They packed a ballroom for Carly Fiorina, clutching copies of her books. They packed it again for Sen. Marco Rubio (Fla.), Louisiana Gov. Bobby Jindal and New Jersey Gov. Chris Christie. Former Texas governor Rick Perry, barely registering in the polls, held the stage like a front-runner.

The 700 or so activists who filled the hotel ballroom here Friday for the seventh annual conference organized by the conservative blog RedState were energized by the Republican presidential debates held the night before — and excited for what feels like a new phase in the 2016 contest.

But they were not ready to pick a favorite.

There was fresh enthusiasm for Fiorina, the former Silicon Valley executive who stood out during Thursday night’s debate among the lower-tier candidates, and angst about Donald Trump’s chaotic bid.

Still, at the gathering — which has replaced the defunct Iowa straw poll as a sort of second kick-off for the 2016 campaign — the energy in the room showed that no one had been ruled out of the race.

We've heard the top ten GOP candidates talk. Here's what happens now.

In the halls and in the seats, the conservative base was demanding that its candidates move right, and the candidates were obliging.

“Jeb Bush says that we need to be ready to lose the primary to win the general election,” said Jindal, who has been lagging in polls but has begun taking swipes at the former Florida governor, who is pushing the GOP to adopt a softer tone that might appeal to centrist general-election voters.

“I disagree with that,” Jindal said. “That is saying we need to hide our conservative beliefs and get the left and the media to like us. I’m here to tell you that if we do that again, we lose again.”

Bush is scheduled to address the conference Saturday and confront activists who think the party lost its way under President George W. Bush, his brother.

The nine other candidates visiting the conference are more in sync. All are on record, for example, as supporting the end of taxpayer funds for Planned Parenthood.

Sen. Rand Paul (Ky.), who skipped the conference for a campaign trip to South Carolina, spent part of the day sparring with Christie over Bush-era surveillance tactics.

RedState’s outgoing editor in chief, Erick Erickson, has helped set the tone for these arguments. He has written jeremiads against the party with titles like “Eunuch Mitch McConnell Squeals Like a Pig” and “House Conservatives Have the Power and Should Depose Speaker John Boehner.”

“A lot of the tea party disconnect that you’ve seen was a reaction to the fact that George W. Bush refused to stand up to the appropriators in his party,” said Leon Wolf, 37, a senior writer at RedState.

The tea party movement lives on at RedState. Erickson introduced Rubio not as a linchpin in the 2013 immigration debate but as the insurgent candidate who beat a centrist Republican in his 2010 Senate race.

Rubio’s speech barely touched on the roiling primary fight. Instead, he stuck to his usual themes of generational change and reminded the attentive conservatives before him about his work on foreign affairs in the Senate, where he has become a leading hawk.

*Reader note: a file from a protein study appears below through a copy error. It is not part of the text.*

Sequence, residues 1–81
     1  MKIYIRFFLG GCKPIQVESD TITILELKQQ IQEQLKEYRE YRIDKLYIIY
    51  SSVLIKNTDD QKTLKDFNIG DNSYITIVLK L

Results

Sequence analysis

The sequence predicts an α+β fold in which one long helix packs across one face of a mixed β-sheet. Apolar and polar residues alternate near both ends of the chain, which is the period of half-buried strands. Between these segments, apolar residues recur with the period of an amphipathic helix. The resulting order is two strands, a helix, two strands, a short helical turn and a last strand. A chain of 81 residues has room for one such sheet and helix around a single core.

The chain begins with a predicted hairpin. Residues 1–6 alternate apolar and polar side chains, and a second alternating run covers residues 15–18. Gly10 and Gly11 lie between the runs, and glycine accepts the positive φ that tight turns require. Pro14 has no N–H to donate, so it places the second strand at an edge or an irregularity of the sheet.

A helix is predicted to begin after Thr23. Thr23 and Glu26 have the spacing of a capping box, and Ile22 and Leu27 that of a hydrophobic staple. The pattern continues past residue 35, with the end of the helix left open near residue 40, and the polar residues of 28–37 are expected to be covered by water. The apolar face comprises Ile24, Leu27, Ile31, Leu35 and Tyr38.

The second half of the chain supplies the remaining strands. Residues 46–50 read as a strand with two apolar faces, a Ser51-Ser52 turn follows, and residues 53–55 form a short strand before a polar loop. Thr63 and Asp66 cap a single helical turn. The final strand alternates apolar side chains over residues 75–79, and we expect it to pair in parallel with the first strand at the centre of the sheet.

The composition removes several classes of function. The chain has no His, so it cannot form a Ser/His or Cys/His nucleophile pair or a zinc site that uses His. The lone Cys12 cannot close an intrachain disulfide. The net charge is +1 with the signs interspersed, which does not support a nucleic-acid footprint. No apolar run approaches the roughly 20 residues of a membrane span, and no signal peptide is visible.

Outside the InterContinental, the hosting hotel in Buckhead — an Atlanta suburb dotted with pricey fashion stores and chain steakhouses often found on expense accounts — homemaker Mary Howard of Indiana debated her top three candidates with Loren Heal, 52, an Illinois activist. They agreed on all three: Sen. Ted Cruz (Tex.) in first place, Wisconsin Gov. Scott Walker in second and Fiorina running a close third.

“I liked her before, but I really like her now,” Howard said. “It’s so hard to pick anything this early, and you know, I didn’t think she was that serious months ago. But things have changed.”

Why the move toward Fiorina? “I don’t want to say the obvious — she’s a woman — but she is a very smart businesswoman, and that’s what this country could use in the White House.”

Heal said he had little patience for Trump, the real estate magnate who leads in polls but whose bombastic style has unnerved some in the party. “Not suitable at all,” he said, shaking his head. “I’m astonished people aren’t seeing through his act. He’s the perfect example of someone who uses government for his own means.”

Not everyone was so cool on Trump. Few attendees appreciated his flirtation with a third-party run, but rebellion inside the Republican Party was fine by them. For others, a rebellion that could split votes and put the Clintons back into power was too much.

Fiorina drew a rapturous response when she tore into Hillary Rodham Clinton, calling the former secretary of state and Democratic front-runner dishonest. “She did lie about Benghazi, she did lie about her e-mails, she did lie about her server,” Fiorina said.

Fiorina favored a Republican “nominee who throws every punch.” She was referring to herself, but RedState attendees saw plenty of fighters.

The unease among some about Trump did not stop people from asking if there were spare tickets to his scheduled Saturday night appearance at the nearby College Football Hall of Fame.